A Shropshire Lad was an influential poem, many poets read it and were inspired by it. It paints a picture of England that is worth more than a hundred paintings, and it was no accident that early editions of the poem were deliberately cheap and of a size that would fit into the pocket. Those pockets, many of them, belonged to soldiers of the First World War, poets like Siegfried Sassoon, Edward Thomas and Wilfred Owen. But not just them, many and many of the ordinary soldiers had copies, and many of them knew the whole series off by heart.mary-2 These exquisitely beautiful wood-engravings are by Agnes Miller Parker who was an engraver-illustrator, her works are used in this book to illustrate the vanished world of AE Housman.

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Poles Apart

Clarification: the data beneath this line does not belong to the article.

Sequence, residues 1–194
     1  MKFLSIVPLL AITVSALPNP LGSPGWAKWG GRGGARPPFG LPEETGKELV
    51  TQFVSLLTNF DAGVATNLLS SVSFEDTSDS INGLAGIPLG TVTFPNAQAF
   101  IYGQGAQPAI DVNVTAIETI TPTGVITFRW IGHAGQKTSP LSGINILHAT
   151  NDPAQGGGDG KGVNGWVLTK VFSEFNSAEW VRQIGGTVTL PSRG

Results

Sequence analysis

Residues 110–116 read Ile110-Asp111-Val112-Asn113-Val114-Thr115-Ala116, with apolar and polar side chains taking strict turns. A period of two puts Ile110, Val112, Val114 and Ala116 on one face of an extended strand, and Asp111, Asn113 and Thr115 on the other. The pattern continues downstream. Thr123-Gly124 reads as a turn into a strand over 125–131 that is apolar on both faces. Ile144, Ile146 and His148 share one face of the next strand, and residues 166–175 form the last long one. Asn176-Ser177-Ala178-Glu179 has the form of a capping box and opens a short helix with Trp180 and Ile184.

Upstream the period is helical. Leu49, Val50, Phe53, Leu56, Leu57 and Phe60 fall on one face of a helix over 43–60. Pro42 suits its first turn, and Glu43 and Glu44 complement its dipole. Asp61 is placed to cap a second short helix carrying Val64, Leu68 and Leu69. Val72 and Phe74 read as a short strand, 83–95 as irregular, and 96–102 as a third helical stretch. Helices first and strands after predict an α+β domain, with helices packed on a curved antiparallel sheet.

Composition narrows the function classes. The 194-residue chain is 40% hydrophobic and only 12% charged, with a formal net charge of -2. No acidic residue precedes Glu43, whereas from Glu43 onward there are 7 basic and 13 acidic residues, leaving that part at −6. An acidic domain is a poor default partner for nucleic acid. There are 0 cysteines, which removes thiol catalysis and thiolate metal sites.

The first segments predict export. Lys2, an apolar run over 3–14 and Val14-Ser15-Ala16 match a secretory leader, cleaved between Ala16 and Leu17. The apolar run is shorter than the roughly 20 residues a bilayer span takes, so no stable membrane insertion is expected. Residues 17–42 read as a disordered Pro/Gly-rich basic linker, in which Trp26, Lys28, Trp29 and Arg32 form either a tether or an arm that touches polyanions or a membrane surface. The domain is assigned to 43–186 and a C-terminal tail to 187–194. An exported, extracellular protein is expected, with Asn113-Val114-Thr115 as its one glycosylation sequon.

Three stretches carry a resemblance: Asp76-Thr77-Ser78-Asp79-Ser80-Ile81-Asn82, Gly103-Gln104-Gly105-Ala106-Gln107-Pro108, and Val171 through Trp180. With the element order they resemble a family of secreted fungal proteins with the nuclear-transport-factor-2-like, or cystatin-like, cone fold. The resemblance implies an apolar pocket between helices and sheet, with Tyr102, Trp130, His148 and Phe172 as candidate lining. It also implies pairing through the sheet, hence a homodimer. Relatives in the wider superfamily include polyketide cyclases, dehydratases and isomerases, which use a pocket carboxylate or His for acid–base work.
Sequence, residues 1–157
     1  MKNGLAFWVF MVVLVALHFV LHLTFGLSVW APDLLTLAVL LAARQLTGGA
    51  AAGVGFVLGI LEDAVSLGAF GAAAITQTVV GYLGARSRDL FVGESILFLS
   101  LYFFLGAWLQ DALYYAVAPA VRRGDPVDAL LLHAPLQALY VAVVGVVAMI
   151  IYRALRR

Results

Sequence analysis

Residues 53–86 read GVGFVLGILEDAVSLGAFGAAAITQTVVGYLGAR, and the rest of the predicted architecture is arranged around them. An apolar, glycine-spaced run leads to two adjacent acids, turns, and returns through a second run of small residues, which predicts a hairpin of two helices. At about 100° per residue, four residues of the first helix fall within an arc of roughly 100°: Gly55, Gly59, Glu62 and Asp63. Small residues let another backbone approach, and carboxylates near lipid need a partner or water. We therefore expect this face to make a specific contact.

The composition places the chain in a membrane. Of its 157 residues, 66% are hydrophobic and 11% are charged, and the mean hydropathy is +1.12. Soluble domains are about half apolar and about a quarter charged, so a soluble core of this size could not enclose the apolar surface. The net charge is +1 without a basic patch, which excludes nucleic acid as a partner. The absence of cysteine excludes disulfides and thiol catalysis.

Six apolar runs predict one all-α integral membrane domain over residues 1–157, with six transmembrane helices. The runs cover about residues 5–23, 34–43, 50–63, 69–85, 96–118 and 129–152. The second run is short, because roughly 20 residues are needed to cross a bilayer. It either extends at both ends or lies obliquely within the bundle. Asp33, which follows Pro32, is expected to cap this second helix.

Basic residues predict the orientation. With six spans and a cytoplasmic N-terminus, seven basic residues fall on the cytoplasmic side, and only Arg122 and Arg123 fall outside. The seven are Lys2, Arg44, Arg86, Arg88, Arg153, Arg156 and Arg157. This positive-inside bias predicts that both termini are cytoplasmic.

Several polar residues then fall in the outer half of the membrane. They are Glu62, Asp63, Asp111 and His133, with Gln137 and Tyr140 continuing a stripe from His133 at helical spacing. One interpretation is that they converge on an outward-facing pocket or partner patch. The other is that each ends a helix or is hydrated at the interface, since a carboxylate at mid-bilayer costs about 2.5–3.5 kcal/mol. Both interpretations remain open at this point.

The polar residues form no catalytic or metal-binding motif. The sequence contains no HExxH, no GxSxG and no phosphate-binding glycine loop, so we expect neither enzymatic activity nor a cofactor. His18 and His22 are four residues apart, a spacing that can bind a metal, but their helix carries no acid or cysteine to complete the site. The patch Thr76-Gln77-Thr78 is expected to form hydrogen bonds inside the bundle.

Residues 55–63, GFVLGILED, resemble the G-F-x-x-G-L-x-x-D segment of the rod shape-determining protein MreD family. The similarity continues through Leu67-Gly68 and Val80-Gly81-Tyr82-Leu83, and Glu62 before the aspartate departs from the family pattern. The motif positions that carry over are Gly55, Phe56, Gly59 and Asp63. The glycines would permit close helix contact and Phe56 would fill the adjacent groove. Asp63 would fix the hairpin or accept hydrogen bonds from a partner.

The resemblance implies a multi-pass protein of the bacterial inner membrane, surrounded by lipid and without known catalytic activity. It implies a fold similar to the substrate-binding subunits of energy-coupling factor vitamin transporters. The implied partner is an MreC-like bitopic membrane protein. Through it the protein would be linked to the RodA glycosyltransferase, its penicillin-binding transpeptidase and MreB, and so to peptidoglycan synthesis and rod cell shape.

I have no idea whether the words “if you like this then you will like…” make you shudder or make you take notice. I also have no idea when I pair up books, as per my last post, whether you think “I will try both of those” or whether you think “too much information”.

In spite of all these doubts, I am going to revisit a book that I read during the Man Booker long-list process and will recommend another book that has a distinct relationship with the first.

North You may recall that I was not particularly kind to this book when considering it as a possible candidate for the Man Booker prize, [Man Booker Longlist 2016-3]. I recommended it as a good read but thought it would not reach the coveted prize, so far, so right – as it is not on the shortlist.

Actually, as Hilary Mantel writes on the cover, it is a fast-paced historical thriller. It covers a period when one industry is dying, along with its principal prey and another is being found it its place. All taking place against a backdrop of the cold waters around the Arctic Circle, where the loss of a ship spells mortal danger.